Jeff Fassero, who was off base the night before when he publicly
criticized the work of Charlie Williams, a member of Froemming's
crew. Among other things, Froemming said, "He's 3-5, making
two-plus million dollars a season. He should concentrate on
improving his record and let the umpires do their job." He went
on to say, "This is typical sour grapes from a guy who is
struggling and looking for an alibi." Sure, umps are entitled to
feel unjustly criticized by players, but the game's integrity
depends on the belief that every player will get fair and
objective calls from the umpires. Froemming's personal attack on
Fassero now raises questions about whether Fassero can get just
that....Reliever Lee Smith, who was traded last week from the
Angels to the Reds, joins his seventh big league club and his
fifth in the last four seasons. At week's end Smith had pitched
in 955 games without appearing in a World Series. Only Lindy
McDaniel (987 games from 1955 to '75) pitched in more without a
World Series appearance. Don't look for Smith's streak to end
this year, either.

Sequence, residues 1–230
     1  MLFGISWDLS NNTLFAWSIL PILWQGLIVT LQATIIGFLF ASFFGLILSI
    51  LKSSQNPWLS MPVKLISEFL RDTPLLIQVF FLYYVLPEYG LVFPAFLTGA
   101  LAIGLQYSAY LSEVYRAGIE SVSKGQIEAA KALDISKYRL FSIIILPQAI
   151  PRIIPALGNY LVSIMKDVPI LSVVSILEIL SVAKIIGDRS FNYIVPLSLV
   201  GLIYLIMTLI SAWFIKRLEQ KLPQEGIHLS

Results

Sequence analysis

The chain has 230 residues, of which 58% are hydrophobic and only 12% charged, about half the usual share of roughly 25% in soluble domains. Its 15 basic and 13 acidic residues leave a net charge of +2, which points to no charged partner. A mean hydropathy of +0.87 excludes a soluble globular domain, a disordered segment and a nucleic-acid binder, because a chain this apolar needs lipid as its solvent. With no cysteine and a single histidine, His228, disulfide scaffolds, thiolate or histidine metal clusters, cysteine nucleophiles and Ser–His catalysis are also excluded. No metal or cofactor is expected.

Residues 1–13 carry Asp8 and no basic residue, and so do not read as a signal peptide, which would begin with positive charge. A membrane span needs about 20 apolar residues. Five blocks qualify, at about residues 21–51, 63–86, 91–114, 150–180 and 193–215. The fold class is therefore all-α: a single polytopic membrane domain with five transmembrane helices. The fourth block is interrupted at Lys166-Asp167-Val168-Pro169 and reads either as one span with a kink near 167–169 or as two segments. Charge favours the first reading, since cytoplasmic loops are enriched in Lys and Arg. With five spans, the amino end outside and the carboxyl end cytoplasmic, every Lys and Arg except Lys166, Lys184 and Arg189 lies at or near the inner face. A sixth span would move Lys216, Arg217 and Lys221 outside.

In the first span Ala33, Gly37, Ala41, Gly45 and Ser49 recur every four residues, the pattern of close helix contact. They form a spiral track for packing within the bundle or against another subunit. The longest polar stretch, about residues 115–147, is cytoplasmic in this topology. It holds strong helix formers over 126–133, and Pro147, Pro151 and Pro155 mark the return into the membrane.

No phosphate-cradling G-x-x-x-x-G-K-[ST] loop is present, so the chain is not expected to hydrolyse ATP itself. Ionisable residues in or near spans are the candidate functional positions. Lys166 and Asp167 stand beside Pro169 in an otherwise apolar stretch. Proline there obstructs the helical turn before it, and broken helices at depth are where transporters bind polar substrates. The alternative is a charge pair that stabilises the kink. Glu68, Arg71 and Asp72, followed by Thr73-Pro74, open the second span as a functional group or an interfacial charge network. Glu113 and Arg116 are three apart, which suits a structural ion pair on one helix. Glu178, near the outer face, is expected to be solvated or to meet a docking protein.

COLOR PHOTO: RON VESELY Phillips won't back away from controversy, but there have been times when he has gone too far. [Tony Phillips talking to umpire]

COLOR PHOTO: JOHN W. MCDONOUGH Hoffman's sterling relief work has helped the Padres build an early lead in the NL West. [Trevor Hoffman pitching]


To measure the impact Tony Phillips has on a team, a good place
to start is with these statistics: runs scored per game, before
and after he joins a club. He may not be the sole reason for all
the changes charted below, but it's not an accident that teams
become more productive after he joins them and less so after he

Before With After
Phillips Phillips Phillips

Tigers '89 '90 '95
3.81 4.63 4.54

Angels '94 '95 '96
4.72 5.52 4.67

White Sox '95 '96 [--]
5.21 6.11* [--]

*Through Sunday.